Kerberos keeps a database of its clients and their private keys. The private key is a large number known only to Kerberos and the client it belongs to. In the case that the client is a user, it is an encrypted password. Network services requiring authentication register with Kerberos, as do clients wishing to use those services. The private keys are negotiated at registration.
Because Kerberos knows these private keys, it can create messages which convince one client that another is really who it claims to be. Kerberos also generates temporary private keys, called session keys, which are given to two clients and no one else. A session key can be used to encrypt messages between two parties.
Kerberos provides three distinct levels of protection. The application programmer determines which is appropriate, according to the requirements of the application. For example, some applications require only that authenticity be established at the initiation of a network connection, and can assume that further messages from a given network address originate from the authenticated party. Our authenticated network file system uses this level of security.
Other applications require authentication of each message, but do not care whether the content of the message is disclosed or not. For these, Kerberos provides safe messages. Yet a higher level of security is provided by private messages, where each message is not only authenticated, but also encrypted. Private messages are used, for example, by the Kerberos server itself for sending passwords over the network.
The Athena implementation comprises several modules:
Kerberos applications library
database administration programs
db propagation software
The Kerberos applications library provides an interface for application clients and application servers. It contains, among others, routines for creating or reading authentication requests, and the routines for creating safe or private messages.
Encryption in Kerberos is based on DES, the Data Encryption Standard. The encryption library implements those routines. Several methods of encryption are provided, with tradeoffs between speed and security. An extension to the DES Cypher Block Chaining (CBC) mode, called the Propagating CBC mode, is also provided. In CBC, an error is propagated only through the current block of the cipher, whereas in PCBC, the error is propagated throughout the message. This renders the entire message useless if an error occurs, rather than just a portion of it. The encryption library is an independent module, and may be replaced with other DES implementations or a different encryption library.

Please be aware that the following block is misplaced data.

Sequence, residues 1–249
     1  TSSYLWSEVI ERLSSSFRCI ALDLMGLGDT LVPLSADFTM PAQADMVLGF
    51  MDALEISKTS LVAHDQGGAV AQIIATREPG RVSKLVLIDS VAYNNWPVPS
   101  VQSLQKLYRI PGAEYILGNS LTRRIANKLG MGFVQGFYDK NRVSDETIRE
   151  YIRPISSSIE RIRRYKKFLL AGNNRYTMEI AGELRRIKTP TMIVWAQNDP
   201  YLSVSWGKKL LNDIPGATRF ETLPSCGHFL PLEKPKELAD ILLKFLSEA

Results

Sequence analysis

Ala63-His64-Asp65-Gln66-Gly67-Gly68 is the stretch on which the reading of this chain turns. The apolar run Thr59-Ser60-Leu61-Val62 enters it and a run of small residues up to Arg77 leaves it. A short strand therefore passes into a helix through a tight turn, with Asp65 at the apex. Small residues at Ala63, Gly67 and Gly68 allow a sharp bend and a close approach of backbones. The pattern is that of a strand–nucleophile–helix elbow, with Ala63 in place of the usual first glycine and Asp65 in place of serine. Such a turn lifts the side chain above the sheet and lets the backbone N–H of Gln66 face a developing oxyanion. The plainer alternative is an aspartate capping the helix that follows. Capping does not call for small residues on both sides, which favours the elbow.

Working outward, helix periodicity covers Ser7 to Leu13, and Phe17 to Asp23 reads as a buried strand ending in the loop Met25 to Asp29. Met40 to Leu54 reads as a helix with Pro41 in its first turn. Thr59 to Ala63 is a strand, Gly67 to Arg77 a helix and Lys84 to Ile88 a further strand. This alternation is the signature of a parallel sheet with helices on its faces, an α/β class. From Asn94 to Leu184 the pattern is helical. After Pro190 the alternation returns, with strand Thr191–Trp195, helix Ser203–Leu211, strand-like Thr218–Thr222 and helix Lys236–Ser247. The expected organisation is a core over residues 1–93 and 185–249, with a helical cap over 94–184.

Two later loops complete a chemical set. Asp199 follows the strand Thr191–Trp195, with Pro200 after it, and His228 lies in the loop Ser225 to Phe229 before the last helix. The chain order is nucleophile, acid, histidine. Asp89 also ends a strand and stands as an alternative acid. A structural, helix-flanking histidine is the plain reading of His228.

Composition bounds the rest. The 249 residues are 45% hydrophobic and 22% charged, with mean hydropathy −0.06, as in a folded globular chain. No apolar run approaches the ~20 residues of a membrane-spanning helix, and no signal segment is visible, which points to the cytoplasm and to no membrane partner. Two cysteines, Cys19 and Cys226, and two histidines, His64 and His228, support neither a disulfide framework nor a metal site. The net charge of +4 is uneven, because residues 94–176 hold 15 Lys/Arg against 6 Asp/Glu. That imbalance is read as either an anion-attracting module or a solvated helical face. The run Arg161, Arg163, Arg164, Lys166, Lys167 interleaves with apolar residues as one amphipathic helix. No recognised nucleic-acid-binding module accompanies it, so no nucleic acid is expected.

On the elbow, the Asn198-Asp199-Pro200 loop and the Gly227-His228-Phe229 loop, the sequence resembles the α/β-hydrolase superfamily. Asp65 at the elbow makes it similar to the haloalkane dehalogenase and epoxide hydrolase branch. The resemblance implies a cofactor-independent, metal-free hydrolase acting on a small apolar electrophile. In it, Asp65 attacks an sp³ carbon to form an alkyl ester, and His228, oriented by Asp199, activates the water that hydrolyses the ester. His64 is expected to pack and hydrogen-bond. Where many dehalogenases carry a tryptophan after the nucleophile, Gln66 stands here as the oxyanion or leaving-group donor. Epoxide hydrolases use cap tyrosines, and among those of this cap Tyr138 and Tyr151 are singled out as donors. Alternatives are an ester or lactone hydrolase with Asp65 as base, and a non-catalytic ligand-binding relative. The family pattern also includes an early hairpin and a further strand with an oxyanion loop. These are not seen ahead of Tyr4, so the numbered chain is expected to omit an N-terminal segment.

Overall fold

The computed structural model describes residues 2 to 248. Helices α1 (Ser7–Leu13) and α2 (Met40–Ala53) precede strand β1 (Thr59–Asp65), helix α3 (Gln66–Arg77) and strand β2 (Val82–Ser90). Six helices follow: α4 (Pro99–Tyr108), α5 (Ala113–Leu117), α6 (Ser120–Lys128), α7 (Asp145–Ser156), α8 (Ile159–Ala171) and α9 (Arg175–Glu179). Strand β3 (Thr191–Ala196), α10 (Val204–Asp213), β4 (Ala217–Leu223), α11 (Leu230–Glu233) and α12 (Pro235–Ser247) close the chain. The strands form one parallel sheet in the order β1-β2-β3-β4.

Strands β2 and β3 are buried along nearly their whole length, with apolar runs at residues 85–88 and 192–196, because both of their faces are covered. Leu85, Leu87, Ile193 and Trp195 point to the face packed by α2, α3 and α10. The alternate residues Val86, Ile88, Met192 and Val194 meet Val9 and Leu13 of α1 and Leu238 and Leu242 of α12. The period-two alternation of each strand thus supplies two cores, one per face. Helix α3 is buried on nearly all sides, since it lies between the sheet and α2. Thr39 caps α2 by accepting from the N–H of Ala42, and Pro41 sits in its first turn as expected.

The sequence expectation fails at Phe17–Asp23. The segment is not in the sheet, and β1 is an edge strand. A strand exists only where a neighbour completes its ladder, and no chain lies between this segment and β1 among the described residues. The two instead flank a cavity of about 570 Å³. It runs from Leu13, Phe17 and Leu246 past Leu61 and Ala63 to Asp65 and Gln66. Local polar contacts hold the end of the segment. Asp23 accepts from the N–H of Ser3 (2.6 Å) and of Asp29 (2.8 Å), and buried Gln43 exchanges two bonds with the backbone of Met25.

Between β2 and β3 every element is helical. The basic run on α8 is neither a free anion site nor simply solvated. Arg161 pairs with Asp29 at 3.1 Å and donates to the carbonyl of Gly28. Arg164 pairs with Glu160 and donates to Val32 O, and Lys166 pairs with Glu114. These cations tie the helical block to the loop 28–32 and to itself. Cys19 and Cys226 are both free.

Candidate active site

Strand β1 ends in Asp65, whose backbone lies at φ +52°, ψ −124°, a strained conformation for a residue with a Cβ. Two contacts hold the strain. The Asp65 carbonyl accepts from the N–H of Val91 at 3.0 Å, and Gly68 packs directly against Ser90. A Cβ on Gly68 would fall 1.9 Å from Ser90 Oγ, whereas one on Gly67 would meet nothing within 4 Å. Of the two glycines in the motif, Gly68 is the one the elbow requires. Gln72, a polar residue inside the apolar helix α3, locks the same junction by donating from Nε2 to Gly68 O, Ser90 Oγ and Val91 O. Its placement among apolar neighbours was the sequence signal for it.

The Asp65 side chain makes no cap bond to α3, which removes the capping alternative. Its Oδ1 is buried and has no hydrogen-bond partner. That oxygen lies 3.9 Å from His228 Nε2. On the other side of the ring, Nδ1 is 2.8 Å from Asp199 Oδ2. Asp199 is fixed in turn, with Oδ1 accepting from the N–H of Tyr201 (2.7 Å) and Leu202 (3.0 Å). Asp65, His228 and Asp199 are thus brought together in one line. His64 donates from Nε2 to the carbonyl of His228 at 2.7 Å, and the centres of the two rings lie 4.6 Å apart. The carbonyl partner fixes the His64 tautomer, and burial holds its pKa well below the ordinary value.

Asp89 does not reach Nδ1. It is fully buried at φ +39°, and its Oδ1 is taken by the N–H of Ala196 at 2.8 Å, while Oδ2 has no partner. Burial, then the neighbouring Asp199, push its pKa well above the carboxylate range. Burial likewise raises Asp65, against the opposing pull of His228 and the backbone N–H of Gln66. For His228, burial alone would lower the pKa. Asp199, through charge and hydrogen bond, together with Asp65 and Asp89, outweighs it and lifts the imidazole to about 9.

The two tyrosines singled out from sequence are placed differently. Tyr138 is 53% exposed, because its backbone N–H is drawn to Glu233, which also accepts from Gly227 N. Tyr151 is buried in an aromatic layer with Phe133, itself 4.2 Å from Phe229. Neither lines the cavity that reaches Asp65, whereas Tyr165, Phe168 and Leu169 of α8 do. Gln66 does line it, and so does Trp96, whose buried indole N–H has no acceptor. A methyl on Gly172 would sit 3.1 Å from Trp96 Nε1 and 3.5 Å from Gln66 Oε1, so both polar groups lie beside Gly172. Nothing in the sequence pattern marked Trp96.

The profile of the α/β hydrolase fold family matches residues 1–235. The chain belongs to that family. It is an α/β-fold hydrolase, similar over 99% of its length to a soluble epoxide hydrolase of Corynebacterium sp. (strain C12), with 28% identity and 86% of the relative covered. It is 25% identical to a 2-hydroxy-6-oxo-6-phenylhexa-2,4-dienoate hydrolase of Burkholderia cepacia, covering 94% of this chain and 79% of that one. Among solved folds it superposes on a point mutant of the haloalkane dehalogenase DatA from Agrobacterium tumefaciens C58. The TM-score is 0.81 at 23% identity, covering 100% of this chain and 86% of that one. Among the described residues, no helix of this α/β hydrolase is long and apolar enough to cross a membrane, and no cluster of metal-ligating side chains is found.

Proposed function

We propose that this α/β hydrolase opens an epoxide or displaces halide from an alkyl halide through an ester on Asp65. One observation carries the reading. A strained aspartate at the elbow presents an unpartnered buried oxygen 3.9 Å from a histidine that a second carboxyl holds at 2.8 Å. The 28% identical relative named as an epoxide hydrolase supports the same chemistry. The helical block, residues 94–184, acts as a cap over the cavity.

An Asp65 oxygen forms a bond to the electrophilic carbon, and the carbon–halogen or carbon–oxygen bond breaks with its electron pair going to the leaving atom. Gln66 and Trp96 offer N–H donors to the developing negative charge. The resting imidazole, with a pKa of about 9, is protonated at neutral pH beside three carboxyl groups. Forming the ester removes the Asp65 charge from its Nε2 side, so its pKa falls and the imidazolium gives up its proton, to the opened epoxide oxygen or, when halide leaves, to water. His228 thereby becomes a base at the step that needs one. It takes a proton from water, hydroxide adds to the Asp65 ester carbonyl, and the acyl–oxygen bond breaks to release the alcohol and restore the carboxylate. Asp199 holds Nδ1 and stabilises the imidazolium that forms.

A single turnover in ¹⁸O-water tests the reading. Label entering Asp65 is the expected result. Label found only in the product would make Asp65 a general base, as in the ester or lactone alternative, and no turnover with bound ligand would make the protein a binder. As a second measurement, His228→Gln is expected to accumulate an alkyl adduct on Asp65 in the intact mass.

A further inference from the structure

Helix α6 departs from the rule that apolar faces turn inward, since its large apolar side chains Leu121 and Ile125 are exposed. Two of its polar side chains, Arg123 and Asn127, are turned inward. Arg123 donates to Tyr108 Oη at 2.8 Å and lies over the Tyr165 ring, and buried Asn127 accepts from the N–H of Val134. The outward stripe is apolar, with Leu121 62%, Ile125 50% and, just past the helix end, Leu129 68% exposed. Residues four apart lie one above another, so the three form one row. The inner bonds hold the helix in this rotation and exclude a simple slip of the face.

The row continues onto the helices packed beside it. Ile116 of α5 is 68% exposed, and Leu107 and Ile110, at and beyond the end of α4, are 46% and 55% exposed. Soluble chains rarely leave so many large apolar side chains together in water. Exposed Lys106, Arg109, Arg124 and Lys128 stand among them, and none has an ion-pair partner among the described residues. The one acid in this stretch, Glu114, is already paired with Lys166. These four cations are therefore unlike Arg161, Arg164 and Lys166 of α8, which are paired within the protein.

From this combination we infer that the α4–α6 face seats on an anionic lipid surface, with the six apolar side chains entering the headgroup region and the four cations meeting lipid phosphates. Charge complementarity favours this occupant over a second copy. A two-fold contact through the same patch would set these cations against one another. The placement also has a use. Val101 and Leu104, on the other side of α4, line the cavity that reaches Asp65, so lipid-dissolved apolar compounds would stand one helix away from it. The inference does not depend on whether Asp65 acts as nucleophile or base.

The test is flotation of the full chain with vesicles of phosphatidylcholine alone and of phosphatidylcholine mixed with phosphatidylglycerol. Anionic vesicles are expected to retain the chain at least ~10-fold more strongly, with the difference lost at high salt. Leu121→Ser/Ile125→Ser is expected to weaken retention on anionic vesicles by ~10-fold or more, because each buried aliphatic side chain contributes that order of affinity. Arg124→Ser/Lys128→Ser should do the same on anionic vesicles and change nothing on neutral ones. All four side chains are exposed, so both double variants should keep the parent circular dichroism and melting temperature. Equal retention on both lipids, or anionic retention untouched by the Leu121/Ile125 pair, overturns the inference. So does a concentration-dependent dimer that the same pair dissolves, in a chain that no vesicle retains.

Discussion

Another replaceable module is the database management system. The current Athena implementation of the database library uses ndbm, although Ingres was originally used. Other database management libraries could be used as well.
The Kerberos database needs are straightforward; a record is held for each principal, containing the name, private key, and expiration date of the principal, along with some administrative information. (The expiration date is the date after which an entry is no longer valid. It is usually set to a few years into the future at registration.)
Other user information, such as real name, phone number, and so forth, is kept by another server, the Hesiod nameserver. This way, sensitive information, namely passwords, can be handled by Kerberos, using fairly high security measures; while the non-sensitive information kept by Hesiod is dealt with differently; it can, for example, be sent unencrypted over the network.
The Kerberos servers use the database library, as do the tools for administering the database.
The administration server (or KDBM server) provides a read-write network interface to the database. The client side of the program may be run on any machine on the network. The server side, however, must run on the machine housing the Kerberos database in order to make changes to the database.
The authentication server (or Kerberos server), on the other hand, performs read-only operations on the Kerberos database, namely, the authentication of principals, and generation of session keys. Since this server does not modify the Kerberos database, it may run on a machine housing a read-only copy of the master Kerberos database.
Database propagation software manages replication of the Kerberos database. It is possible to have copies of the database on several different machines, with a copy of the authentication server running on each machine. Each of these slave machines receives an update of the Kerberos database from the master machine at given intervals.
Finally, there are end-user programs for logging in to Kerberos, changing a Kerberos password, and displaying or destroying Kerberos tickets (tickets are explained later on).
Part of authenticating an entity is naming it. The process of authentication is the verification that the client is the one named in a request. What does a name consist of? In Kerberos, both users and servers are named. As far as the authentication server is concerned, they are equivalent. A name consists of a primary name, an instance, and a realm, expressed as name.instance@realm.